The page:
verb (used without object)
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Idioms for hurrah
Origin of hurrah
Words nearby hurrah
What does hurrah mean?
Hurrah is a word to shout when you want to celebrate something.
Hurrah is an interjection, meaning it’s a term used to express emotion, often outside of a sentence.
Hurrah is sometimes spelled hoorah. Similar and related words are hooray, hurray, and huzzah. All of these words are used in the same way—as a celebratory exclamation (something to shout in celebration).
Hurrah started as something to shout out loud, but today it’s probably pretty rare for people to literally shout “Hurrah!” (It sounds a bit old-timey, and people are more into yelling woo! and woo-hoo!) But hurrah is still often used as an interjection in informal, conversational writing, such as social media posts and texts. To show appreciation for something in particular, you might write hurrah for followed by that thing, as in Hurrah for three-day weekends!
Hurrah can be used as a verb meaning to shout hurrah or to celebrate, as in They were hurrahed for their bravery.
It can also be used to refer to a cheer of hurrah (as in a big hurrah from the crowd), commotion or fanfare (as in There was much hurrah following the announcement), or a showy spectacle or celebration (as in We’ll have a big hurrah to celebrate).
Hurrah is also part of the common phrase last hurrah, meaning a final attempt, competition, performance, success, or celebration before something ends, such as a career.
Example: Hurrah! The package I ordered is here!
Where does hurrah come from?
The first recorded uses of terms like hurrah, hooray, and hurray come from the 1700s and 1800s. Hooray and hurray are thought to be variants of hurrah, which comes from the similar German term hurra. All of these may or may not have been based on or influenced by the earlier and very similar huzzah. Huzzah is thought to come from a word that sailors used to shout in celebration. It may derive from the word hoise, meaning “to hoist”—which they’d shout when hoisting (raising) something, like the sails of the ship. Today, huzzah is used in the same way as hooray and hurrah.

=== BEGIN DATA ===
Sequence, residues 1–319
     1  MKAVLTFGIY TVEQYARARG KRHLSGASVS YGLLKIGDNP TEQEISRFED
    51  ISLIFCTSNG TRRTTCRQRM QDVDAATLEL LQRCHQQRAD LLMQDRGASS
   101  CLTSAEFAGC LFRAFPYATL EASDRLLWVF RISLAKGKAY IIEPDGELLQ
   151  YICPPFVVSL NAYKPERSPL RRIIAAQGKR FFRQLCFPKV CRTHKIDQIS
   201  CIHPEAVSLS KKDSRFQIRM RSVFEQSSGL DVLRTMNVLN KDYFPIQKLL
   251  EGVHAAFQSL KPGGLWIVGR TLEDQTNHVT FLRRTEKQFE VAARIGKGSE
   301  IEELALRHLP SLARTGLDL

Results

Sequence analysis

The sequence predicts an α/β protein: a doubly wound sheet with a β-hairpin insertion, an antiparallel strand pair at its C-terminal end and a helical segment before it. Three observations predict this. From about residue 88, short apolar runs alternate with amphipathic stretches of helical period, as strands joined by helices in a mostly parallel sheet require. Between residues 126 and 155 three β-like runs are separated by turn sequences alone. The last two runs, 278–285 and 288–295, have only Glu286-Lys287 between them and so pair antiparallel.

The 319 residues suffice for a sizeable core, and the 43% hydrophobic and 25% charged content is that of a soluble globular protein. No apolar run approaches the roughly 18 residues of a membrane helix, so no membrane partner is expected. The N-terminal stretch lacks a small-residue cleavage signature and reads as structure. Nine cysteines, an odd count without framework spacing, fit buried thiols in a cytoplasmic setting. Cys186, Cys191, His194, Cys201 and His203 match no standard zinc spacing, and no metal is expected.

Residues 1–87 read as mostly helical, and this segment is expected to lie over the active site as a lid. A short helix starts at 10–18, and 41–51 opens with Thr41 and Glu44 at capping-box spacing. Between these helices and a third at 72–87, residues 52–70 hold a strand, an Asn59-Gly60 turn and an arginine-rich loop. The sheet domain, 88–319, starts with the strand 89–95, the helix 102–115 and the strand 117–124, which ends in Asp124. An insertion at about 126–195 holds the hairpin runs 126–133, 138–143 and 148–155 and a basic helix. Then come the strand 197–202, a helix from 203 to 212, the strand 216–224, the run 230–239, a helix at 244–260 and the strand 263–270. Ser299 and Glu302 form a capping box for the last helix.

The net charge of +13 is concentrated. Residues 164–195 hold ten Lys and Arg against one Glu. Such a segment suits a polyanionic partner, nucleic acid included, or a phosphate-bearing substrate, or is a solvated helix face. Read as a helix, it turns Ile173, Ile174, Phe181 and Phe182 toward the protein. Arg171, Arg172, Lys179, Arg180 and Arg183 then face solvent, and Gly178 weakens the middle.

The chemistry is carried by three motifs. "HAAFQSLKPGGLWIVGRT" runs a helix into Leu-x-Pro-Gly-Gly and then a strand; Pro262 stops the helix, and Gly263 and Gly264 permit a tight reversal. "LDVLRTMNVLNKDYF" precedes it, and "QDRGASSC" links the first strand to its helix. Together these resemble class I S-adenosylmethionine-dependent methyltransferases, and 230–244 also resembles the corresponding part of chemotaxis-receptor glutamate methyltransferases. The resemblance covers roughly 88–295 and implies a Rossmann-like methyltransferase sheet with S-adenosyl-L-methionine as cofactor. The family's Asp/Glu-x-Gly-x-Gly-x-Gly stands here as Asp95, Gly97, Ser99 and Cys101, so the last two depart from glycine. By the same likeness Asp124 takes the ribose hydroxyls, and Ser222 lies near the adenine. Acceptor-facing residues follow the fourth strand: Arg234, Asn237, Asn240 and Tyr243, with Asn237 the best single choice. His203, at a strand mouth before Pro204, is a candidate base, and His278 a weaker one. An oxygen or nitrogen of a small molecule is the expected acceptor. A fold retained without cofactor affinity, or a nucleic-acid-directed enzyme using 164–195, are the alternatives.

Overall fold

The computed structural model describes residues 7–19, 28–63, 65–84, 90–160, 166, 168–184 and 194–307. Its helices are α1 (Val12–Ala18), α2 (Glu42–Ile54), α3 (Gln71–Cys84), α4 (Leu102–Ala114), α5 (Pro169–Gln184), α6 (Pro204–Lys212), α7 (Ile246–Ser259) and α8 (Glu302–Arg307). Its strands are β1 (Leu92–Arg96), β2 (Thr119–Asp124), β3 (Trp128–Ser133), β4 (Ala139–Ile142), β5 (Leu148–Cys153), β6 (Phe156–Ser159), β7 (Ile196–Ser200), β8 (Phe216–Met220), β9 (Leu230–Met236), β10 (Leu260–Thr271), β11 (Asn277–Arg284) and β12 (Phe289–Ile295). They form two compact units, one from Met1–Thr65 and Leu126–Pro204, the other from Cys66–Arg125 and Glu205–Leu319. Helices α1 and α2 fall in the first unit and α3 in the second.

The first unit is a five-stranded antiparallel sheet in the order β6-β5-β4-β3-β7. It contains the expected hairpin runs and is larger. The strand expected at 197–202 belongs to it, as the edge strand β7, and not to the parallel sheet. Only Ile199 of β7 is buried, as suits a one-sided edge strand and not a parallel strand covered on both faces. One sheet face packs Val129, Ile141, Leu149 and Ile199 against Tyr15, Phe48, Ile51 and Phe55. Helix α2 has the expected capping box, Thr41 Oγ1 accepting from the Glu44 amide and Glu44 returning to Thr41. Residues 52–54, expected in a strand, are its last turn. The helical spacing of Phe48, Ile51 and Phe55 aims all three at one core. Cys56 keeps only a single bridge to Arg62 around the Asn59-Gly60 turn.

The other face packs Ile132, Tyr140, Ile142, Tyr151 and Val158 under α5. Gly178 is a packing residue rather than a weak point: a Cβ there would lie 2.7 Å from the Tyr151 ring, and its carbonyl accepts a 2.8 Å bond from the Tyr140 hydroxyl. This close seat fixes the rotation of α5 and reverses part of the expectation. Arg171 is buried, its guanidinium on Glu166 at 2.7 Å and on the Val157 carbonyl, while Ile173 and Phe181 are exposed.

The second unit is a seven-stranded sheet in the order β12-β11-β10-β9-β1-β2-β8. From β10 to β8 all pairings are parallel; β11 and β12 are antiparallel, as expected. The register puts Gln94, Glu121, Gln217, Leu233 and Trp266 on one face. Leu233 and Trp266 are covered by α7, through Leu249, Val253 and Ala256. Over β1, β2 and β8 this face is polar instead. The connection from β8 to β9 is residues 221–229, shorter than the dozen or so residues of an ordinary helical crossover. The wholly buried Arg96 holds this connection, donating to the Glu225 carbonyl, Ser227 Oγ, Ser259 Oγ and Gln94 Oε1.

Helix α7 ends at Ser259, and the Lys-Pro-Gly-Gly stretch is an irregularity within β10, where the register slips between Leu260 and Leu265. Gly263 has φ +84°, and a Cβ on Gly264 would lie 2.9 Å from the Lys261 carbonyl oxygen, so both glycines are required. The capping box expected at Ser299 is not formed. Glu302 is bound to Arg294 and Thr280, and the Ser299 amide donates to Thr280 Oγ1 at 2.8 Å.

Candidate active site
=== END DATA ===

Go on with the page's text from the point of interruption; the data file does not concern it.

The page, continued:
Hurrah can be used in any situation in which you want to shout out in celebration. When it’s followed by for, it’s meant to celebrate or show appreciation for whatever’s next, as in Hurrah for you, graduate!
A big hurrah can refer to a big fuss or a big celebration or a big commotion. A last hurrah or a final hurrah is the last time doing something, especially when it’s significant or celebratory, before something ends, such as a period of time in a particular job or school. For example, an athlete’s last hurrah might be one last game or tournament before retirement, especially if they win.
Next time you woo-hoo, throw in a hurrah, and maybe a huzzah.
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How is hurrah used in real life?
Hurrah is a word for shouting that’s usually just written with an exclamation point. It’s always used informally.
I’m feeling *vastly* better, mostly. Brain starting to work! No shortness of breath. Earache comes and goes. Yesterday I had an awful sore throat. Today it’s gone, hurrah.
— Maud Newton (@maudnewton) May 19, 2020
Wish you well for decades more to come …and yes, a big hurrah to NHS and all its staff.
— Kasra Naji (@BBCKasraNaji) May 25, 2020
Senior Sunset was wonderful last night, it was truly a great last hurrah before graduation.
— Riley Kocich (@RK62_) May 22, 2020
Try using hurrah!
Is hurrah used correctly in the following passage?
Hurrah! Only three more days until it’s my birthday!
Example sentences from the Web for hurrah
If an editor at the paper will speak up for journalistic ethics, hurrah.
The men gave a hurrah, and George and Jacky prepared to run and find the treasure.It Is Never Too Late to Mend|Charles Reade
Presently a cry louder than all the rest reached our ears—a truly British Hurrah!Saved from the Sea|W.H.G. Kingston
Luckily on the 6th he was joined by Admiral Parker with five ships, and on the 13th—hurrah!As We Sweep Through The Deep|Gordon Stables